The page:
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The Fish You Really Should Be Cooking

There are certain recipes that are immediately appealing, beloved by most and attainable by all. They tend to be easy, comforting, delicious-looking no-brainers that don’t require much persuading for people to make them. Think giant bowls of gloriously cheesy pasta.

Then there are the recipes that may not immediately inspire because they may seem unfamiliar or needlessly complicated, recipes that may require a bit more convincing. Perhaps approximately 600 words of convincing. Recipes like cooking a whole fish. With the head.

Cooking a whole fish is something many people would probably file under “not for me,” only ever ordering it at a restaurant, if that. I get it: If you didn’t grow up eating it, there are a lot of bones to navigate, and those milky white, beady eyes, which are definitely looking at you. But I promise that cooking and eating a whole fish in your home is not scary or complicated (and the fish is not looking at you).

So maybe this is the year you overcome your fear. After all, aside from claiming you’re not going to drink alcohol, what is January for if not new beginnings?

If you’re concerned about where you will actually find these fish, don’t be. Many of the types of fish available in grocery stores are meant to be cooked whole — mildly flavored, relatively lean (meaning not oily), medium-size fish like snapper, bass and branzino. They will also be scaled and gutted, so you don’t have to pretend you just spent a day on the high seas to bring home a properly cleaned fish.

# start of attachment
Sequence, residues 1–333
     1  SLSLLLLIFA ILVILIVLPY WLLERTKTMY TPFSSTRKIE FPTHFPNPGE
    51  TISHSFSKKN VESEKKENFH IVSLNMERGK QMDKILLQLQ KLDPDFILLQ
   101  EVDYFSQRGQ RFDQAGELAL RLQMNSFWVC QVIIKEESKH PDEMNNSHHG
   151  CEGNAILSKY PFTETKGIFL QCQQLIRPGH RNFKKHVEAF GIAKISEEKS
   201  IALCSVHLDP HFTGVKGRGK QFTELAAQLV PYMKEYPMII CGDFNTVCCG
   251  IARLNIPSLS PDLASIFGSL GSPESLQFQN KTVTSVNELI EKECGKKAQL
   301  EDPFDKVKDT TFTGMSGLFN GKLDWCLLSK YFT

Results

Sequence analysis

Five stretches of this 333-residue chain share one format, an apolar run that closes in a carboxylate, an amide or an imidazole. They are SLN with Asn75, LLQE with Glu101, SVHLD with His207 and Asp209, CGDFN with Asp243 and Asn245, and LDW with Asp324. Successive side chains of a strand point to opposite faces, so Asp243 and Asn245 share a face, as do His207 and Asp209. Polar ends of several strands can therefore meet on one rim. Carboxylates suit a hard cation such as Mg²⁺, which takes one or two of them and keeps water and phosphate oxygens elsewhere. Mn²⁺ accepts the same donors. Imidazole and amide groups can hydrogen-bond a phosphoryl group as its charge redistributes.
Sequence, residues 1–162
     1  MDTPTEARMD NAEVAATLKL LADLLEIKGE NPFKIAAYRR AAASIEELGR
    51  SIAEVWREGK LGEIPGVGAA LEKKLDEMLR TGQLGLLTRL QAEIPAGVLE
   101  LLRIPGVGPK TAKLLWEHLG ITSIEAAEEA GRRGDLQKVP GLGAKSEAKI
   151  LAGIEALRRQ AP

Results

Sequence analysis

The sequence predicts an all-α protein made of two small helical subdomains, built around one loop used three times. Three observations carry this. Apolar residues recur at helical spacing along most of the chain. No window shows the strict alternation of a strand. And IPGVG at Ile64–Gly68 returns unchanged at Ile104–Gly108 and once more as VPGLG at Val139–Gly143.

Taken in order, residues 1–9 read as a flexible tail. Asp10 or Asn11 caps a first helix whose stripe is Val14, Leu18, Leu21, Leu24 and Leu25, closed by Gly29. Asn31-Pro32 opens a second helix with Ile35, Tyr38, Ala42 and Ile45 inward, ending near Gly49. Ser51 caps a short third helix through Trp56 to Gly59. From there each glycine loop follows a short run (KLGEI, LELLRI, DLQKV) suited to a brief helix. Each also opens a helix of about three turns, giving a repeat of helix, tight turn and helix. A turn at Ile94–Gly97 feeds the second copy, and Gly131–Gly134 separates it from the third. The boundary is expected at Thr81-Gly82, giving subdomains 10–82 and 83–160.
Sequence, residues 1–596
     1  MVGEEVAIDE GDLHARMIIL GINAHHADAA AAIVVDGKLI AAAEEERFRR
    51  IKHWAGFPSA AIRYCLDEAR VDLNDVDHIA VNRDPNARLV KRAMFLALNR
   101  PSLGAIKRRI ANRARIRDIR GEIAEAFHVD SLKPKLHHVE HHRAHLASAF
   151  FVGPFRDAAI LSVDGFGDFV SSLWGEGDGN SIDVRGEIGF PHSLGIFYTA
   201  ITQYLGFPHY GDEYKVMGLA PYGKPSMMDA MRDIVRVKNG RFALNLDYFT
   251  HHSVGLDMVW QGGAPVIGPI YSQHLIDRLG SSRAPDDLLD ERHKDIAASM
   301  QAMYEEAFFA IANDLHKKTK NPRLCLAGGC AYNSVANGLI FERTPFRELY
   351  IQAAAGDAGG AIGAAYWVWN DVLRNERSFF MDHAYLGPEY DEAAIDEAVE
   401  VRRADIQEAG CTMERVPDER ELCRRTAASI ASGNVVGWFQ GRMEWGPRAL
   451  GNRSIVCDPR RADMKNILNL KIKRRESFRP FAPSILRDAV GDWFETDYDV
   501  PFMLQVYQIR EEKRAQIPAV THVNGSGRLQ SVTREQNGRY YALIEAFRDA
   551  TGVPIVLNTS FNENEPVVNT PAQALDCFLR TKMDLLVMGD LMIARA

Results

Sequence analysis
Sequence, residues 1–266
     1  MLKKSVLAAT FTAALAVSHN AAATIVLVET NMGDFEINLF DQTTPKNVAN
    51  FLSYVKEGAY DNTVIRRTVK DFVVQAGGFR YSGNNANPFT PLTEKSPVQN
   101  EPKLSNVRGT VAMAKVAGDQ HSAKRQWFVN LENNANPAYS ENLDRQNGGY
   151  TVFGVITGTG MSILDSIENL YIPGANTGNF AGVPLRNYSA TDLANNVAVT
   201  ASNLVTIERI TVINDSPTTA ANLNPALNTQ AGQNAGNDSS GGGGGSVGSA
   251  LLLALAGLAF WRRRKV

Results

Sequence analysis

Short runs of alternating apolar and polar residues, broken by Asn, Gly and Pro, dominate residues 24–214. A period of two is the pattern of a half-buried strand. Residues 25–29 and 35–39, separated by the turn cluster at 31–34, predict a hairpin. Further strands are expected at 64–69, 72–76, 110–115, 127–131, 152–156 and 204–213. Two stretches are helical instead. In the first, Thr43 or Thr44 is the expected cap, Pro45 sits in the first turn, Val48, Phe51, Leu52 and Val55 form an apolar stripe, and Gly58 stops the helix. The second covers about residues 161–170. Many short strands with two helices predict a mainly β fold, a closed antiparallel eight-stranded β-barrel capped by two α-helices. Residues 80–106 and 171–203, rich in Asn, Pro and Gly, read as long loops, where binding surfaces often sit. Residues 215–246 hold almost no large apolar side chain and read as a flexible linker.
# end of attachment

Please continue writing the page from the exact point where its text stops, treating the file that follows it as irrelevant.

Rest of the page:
You want one that smells like the ocean (but not too fishy, and certainly not like ammonia), with clear, taut eyes. Leaving the head on is optional, but I say leave it —  it adds personality.

Now comes the part where you have to cook it. Good news: If you can sear a chicken breast in a skillet, you can cook a whole fish. The skillet method in this recipe is a slightly more (but not much more) complex method than simply popping the fish into the oven, and it avoids the tragically soft and soggy skin that the oven method can yield, especially if your oven isn’t well calibrated or just doesn’t ever seem to get that hot.

As if the promise of ease weren’t enough, a fish cooked in its entirety is much more delicious than one that has been filleted first. In the same way a piece of bone-in, skin-on chicken will always be juicier and more flavorful than its boneless, skinless counterpart, fish benefits from keeping its protective skin and bones. They make it nearly impossible to overcook and dry out the fish, as does the buttery, citrus-heavy, soy sauce-seasoned pan sauce you baste it with (again, very delicious).

I understand that, for some people, it’s not even the cooking part that freaks them out — it’s the “what now?” once the fish is done.

Well, since I tend to keep things on the casual side, I won’t even bother filleting it most of the time. Rather, I’ll just tell everyone I’m eating with to go at one side of the fish with a fork, until we’ve eaten all the meat on that side and reached the bones. Then I’ll lift the head, spine and tail out in one fell swoop, leaving it looking as though a cartoon cat had its way with it. Properly cooked fish will almost always release from the bones as effortlessly as if someone had done it for you. (They didn’t! It’s you, you’re doing it!) You might even be shocked at how intuitive this part is.

While there may be a few smaller pin bones left in the fillet, removing the whole spine takes care of the scary part. There you are, fearless, with your delicious fish.

Recipe: Whole Fish With Soy and Citrus





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